Libya needs water despite Qaddafi's Great Manmade River

More than half of Libya is without running water and a humanitarian crisis is looming in Tripoli even though the country has Muammar Qaddafi's Great Manmade River.

BENGHAZI // It was one of Col Muammar Qaddafi's most prized projects, even bearing a name with the grandiosity the former Libyan leader is famous for: The Great Manmade River.

It makes up one of the largest freshwater supply networks in the world, with more than 2,820 kilometres of underground pipes pumping water from huge aquifers in the south of the country to coastal cities and desert towns.

Yet, despite its liquid wealth, more than half of the country is without running water and a humanitarian crisis is looming in Tripoli.

Christian Balslev-Olesen, Unicef's head in Libya, said 23,000 bottles of water had been delivered with another 90,000 bottles expected to arrive today.

"This could turn into an unprecedented health epidemic", he said.

Even the National Transitional Council, the interim government, appeared to be unaware of exactly why the western part of the country is running out of drinking water.

Rumours have swirled about the former regime sabotaging Tripoli's main source of water in Jebel Al Hasawinah, and even the poisoning of an underground reservoir further up the line.

Shamsiddin Ben Ali, a spokesman for the NTC, said yesterday that facilities had been sabotaged at Ash Shuwayrif and Sidi as Sayd.

But an official in the Great Manmade River Authority in Benghazi, Abdussalam Jehawi, said yesterday that the crisis was an unavoidable result of the battle to seize the capital last week. A combination of power outages, attacks on staff manning the water network and a backup reservoir being held hostage have led to the crisis.

The problems came within the first day of the battle. Tripoli had an 18-hour power outage that stopped pipeline pumps, cutting off the supply of new water.

But when power began flickering on again, the main station supplying Tripoli from Jebel Al Hasawinah was attacked by what his team described as African mercenaries and Qaddafi loyalists. The main supply of the water is near the city of Sabha, which is still under the former regime's control.

"Our staff were terrorised," said Mr Jehawi, a board member of the authority. The loyalists "stole their four-wheel drive vehicles, used machine guns, took all their food".

Pumps were switched off and staff could not get back inside to restart them.

To make matters worse, a site critical to the backup plan was also under the control of Qaddafi fighters.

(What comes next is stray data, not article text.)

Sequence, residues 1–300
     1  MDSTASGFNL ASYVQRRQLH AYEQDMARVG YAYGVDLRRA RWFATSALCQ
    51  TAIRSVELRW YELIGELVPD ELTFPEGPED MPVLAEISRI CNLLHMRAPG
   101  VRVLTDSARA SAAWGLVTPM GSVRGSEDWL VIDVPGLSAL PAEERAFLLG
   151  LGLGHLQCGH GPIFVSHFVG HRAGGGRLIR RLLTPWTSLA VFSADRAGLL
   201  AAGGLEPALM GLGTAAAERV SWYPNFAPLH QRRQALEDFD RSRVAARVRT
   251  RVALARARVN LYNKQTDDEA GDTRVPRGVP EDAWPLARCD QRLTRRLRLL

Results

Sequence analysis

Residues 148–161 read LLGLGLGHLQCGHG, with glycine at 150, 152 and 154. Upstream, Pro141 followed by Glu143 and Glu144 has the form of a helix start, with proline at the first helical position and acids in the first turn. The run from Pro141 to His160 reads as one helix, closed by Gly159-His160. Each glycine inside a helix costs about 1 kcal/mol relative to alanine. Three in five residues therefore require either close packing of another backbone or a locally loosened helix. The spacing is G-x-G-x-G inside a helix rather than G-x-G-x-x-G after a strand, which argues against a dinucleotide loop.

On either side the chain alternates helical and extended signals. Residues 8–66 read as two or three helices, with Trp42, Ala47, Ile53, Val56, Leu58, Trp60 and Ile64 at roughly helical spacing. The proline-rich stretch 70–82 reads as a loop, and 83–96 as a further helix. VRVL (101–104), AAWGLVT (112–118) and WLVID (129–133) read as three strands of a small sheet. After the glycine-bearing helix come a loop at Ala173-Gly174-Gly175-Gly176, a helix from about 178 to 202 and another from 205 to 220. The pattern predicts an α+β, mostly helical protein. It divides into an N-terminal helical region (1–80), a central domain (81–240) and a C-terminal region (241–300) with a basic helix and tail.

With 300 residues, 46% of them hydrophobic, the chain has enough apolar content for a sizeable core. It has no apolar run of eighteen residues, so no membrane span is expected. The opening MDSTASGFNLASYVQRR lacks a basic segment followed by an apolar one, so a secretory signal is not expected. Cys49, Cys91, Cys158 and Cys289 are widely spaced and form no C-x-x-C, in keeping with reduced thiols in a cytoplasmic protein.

The system was set up so that engineers can supply Tripoli with water from the east. But the facility where engineers can turn the water on is inside Sirte, Col Qaddafi's hometown and one of the last two holdouts of soldiers against the rebels.

If NTC fighters can take control of the city, the Great Manmade River can begin supplying Tripoli with 250,000 cubic metres of water per day - enough to cover about half the demand.

"This could be taken care of soon if Sabha and Sirte are taken by the rebels," Mr Jehawi said. "Until then, there is not much we can do."

It was unsurprising, he said, that Col Qaddafi and his followers would use the Great Manmade River as a tool to wreak havoc on the population.

During the initial phase of the fight in the east, regime forces hid tanks, artillery and other military assets inside a field full of unusable pipeline that was meant for the project. Those were destroyed by Nato air strikes.

Despite the huge practical purpose of the Great Manmade River, one of its major functions was to massage Col Qaddafi's ego. In speeches and demonstrations, the former leader called it the "Eighth wonder of the world" and exaggerated its cost to US$25 billion (Dh91.75bn). In fact, the total cost since the start in 1984 has been about $9.2bn (Dh33.88bn), with another $3.4bn planned to be spent for the completion of phase three in the western mountains, Mr Jehawi said.

Nevertheless, the project cost more than it should have because engineers were abruptly told in the middle of planning in the 1980s for the second phase to go around a huge tract of the desert known as Rabta, where Col Qaddafi was building a chemical weapons plant known as "Pharma 150", Mr Jehawi said.

"It's sad that we have this reputation among people as a Qaddafi project, as something he spent so much of the country's money on," Mr Jehawi said. "It really is an important project."